Annihilation Soporific Cinema with Psychedelics

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Annihilation Blu-ray

Today I find myself tasked with trying to relate to you, dear reader, the plot and feelings involved in ALEX GARLAND's cinematic soporific, ANNIHILATION.

Slowly paced, quietly executed, chronologically splintered, ANNIHILATION addresses the self-destructive tendencies in people and magnifies that to an unexplainable alien event. I began to identify with the premise, as I started to wish I were dead myself as we plodded through quicksand toward the finish line, much like Lena (NATALIE PORTMAN) toward that iconic lighthouse where it all begins and ends.

To encapsulate: Earth has been hit by a rock. Not a big rock. Just an average sized rick. It hit the lighthouse and didn't even knock it over -- just bored right into it and into the ground below it. After which, things began to change and a shimmer effect surrounded the lighthouse, growing slowly to encompass more and more area (but only surface area, not overall volume, apparently, as we don't see a dome shape nor do we have to explain how the shimmer was thus kept hidden from aerial surveillance and satellites.) The military sends teams in to investigate, and nobody comes out. Except one: Sgt Kane (OSCAR ISAAC) returns with little memory of what went on inside or how he survived it. And his organs are failing rapidly, causing him to be placed into quarantine.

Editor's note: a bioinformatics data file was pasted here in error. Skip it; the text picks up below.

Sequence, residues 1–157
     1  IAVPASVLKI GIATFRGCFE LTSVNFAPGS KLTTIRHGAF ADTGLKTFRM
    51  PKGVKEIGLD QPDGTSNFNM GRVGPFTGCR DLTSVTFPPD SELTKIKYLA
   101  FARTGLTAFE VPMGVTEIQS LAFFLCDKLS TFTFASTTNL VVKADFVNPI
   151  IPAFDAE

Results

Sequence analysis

To the rescue comes his wife, Lena, a former soldier turned PhD biologist with a specialization in cellular division. She's put on an all-female team, possibly because Garland had seen the latest GHOSTBUSTERS and thought it was a smashing idea, inclusing a psychologist (JENNIFER JASON LEIGH) who leads the team and three other placeholders who eventually all get killed off as they discover that what's going on inside the shimmer is the result of combining cellular mutation with new age psychology.

Fortunately for all of humankind, Lena makes it to the lighthouse, finds the source of all the problems, and blows it up, because that's how we win.

Tonally and visually, ANNIHILATION reminds me of Jonathan Glazer's UNDER THE SKIN, only with a bigger budget for light shows but not so much for creature effects. It's not the kind of film you walk out of feeling energized or unsettled, but rather the kind where you consider what else was showing that you could have seen instead.

2.5 / 5.0